Towards a Human Resource Development Ontology Combining Competence Management and Technology-Enhanced Workplace Learning 1...
Outline <ul><li>Why an HR Development Ontology? </li></ul><ul><li>Requirements </li></ul><ul><li>The ontology </li></ul><u...
Two development directions <ul><li>Competence Management </li></ul><ul><ul><li>aligning human resource development with co...
Need for integration <ul><li>... but how to make them fit together? </li></ul><ul><li>We need a  domain engineering  appro...
Requirements and Key Issues <ul><li>Alignment  of human resource development  with business processes & goals </li></ul><u...
Automatability <ul><li>Ontologies as models with a formal semantics  are the basis for computer-supported guidance </li></...
Developing the Ontology
Development Process Learning in Process Ontology Competence Management Ontology Integration e-learning knowledge managemen...
Competency <ul><li>Competencies  are </li></ul><ul><ul><li>bundles of knowledge, skills and abilities </li></ul></ul><ul><...
Competency Relationships <ul><li>In practice, usually competency hierarchies are used </li></ul><ul><ul><li>mono-hierarchi...
Competency Part of the Ontology Usually to be derived
Diagnosing Competencies <ul><li>Problem: Competencies are not directly measurable, but only indirectly derivable from perf...
Developing Competencies: The Knowledge Maturing Process
Developing Competencies: Learning Opportunities <ul><li>Learning Opportunity <covers> Topic </li></ul><ul><ul><li>Topic ge...
Developing Competencies
Requirements <ul><li>For recommending  learning opportunities within work processes we need to determine what is relevant ...
Embedding it into the enterprise
Implementation in OWL <ul><li>Metamodeling   </li></ul><ul><ul><li>Concepts are themselves instances of other concepts </l...
Issue of Derived Properties <ul><li>Properties can be  time-dependent  and  uncertain </li></ul><ul><ul><li>e.g. has-compe...
Conclusions & Outlook <ul><li>Ontology presented is a first step towards a domain engineering approach integrating the dif...
More information: http://professional-learning.eu Andreas Schmidt Team Manager „Knowledge and Learning“ FZI Research Cente...
 
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Towards a Human Resource Development Ontology Combining Competence Management and Technology-Enhanced Workplace Learning

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Towards a Human Resource Development Ontology Combining Competence Management and Technology-Enhanced Workplace Learning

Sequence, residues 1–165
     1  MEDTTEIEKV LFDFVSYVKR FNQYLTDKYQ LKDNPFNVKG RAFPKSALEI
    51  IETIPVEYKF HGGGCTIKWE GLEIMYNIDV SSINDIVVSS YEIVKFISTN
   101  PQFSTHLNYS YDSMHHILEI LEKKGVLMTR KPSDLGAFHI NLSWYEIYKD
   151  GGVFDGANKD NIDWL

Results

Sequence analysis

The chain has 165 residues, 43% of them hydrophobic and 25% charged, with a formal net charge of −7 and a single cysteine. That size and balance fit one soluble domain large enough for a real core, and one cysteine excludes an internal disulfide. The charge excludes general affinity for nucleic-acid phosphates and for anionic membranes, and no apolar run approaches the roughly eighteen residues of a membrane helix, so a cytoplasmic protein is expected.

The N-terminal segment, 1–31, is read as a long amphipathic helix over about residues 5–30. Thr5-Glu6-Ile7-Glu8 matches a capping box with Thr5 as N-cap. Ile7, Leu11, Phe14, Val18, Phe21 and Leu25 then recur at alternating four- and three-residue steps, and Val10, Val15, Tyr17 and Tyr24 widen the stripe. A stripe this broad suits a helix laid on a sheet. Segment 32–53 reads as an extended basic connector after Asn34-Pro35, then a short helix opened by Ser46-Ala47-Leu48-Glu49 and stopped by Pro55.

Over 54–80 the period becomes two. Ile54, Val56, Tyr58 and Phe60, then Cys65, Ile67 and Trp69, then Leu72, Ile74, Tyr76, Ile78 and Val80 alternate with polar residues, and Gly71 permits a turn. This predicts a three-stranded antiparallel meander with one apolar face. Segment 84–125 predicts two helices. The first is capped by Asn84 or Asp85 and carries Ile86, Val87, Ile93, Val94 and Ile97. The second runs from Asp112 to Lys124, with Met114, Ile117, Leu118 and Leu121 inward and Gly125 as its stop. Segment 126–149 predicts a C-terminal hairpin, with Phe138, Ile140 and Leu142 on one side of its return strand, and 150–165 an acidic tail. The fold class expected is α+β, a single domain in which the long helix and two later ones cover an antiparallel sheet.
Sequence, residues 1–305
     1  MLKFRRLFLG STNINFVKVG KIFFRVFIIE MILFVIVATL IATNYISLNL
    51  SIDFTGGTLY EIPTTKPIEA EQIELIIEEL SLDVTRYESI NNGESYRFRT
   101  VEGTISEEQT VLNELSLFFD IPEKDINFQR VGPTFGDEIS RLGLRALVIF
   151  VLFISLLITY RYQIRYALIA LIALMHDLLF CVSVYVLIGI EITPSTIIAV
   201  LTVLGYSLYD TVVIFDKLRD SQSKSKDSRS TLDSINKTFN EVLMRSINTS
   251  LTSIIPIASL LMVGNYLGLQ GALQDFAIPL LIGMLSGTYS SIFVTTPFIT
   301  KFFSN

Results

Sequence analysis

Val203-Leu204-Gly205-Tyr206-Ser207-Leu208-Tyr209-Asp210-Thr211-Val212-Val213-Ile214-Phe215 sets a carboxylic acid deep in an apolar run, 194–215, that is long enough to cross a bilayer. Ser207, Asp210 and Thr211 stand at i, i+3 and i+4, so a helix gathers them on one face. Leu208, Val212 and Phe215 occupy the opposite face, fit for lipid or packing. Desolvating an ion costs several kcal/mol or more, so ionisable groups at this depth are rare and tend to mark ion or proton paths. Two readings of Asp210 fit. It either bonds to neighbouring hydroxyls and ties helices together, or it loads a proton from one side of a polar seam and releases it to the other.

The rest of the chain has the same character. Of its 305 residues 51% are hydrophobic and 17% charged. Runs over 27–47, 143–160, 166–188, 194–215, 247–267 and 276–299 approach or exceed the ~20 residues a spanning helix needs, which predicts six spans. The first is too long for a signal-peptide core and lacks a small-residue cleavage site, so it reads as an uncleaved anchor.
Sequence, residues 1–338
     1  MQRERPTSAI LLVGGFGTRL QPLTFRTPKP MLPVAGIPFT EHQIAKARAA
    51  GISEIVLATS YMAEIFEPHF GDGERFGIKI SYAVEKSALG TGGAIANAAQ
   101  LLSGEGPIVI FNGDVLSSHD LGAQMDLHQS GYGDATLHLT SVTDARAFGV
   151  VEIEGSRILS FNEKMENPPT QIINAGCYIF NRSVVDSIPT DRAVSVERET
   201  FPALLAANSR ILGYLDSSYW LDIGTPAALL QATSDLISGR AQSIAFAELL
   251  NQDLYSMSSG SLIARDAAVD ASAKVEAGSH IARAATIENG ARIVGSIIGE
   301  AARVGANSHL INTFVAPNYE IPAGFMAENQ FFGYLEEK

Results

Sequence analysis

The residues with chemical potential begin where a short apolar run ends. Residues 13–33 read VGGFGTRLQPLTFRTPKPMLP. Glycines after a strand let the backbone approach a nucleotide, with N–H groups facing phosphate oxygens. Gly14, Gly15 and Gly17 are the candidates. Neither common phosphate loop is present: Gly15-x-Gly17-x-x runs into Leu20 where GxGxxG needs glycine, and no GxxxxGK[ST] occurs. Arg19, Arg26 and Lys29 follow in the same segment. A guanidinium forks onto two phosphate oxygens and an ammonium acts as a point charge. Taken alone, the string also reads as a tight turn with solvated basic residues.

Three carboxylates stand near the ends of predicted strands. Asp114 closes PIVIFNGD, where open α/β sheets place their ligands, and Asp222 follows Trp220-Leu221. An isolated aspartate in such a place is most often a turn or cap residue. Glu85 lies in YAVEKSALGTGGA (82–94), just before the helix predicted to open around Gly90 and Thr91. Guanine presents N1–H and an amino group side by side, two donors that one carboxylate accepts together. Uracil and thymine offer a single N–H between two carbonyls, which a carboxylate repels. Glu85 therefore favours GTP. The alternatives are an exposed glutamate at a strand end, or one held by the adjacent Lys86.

1. 1. Towards a Human Resource Development Ontology Combining Competence Management and Technology-Enhanced Workplace Learning 1 FZI Research Center for Information Technologies Karlsruhe, GERMANY ² Kompetenzorientierte Personalentwicklung, Königsbach-Stein, GERMANY Andreas.Schmidt@fzi.de | contact@christine-kunzmann.de http://www.fzi.de/ipe | http://kompetenzen-gestalten.de Andreas Schmidt 1 Christine Kunzmann²
  2. 2. Outline <ul><li>Why an HR Development Ontology? </li></ul><ul><li>Requirements </li></ul><ul><li>The ontology </li></ul><ul><ul><li>Competency </li></ul></ul><ul><ul><li>Diagnosing competencies </li></ul></ul><ul><ul><li>Learning Opportunities </li></ul></ul><ul><li>Implementation issues OWL-DL </li></ul><ul><li>Embedding it into the Enterprise </li></ul><ul><li>Conclusions & Outlook </li></ul>
  3. 3. Two development directions <ul><li>Competence Management </li></ul><ul><ul><li>aligning human resource development with corporate goals </li></ul></ul><ul><ul><li>identify, secure and make use of employee competencies </li></ul></ul><ul><ul><ul><li>but also development </li></ul></ul></ul><ul><ul><li>organizational perspective </li></ul></ul><ul><li>Competency-Oriented Technology-Enhanced Workplace Learning </li></ul><ul><ul><li>e-learning, knowledge management & performance support </li></ul></ul><ul><ul><li>formal and informal learning </li></ul></ul><ul><ul><li>integration of competence development into work activities </li></ul></ul><ul><ul><li>individual perspective </li></ul></ul><ul><li>Both are about learning, competencies, work processes... </li></ul>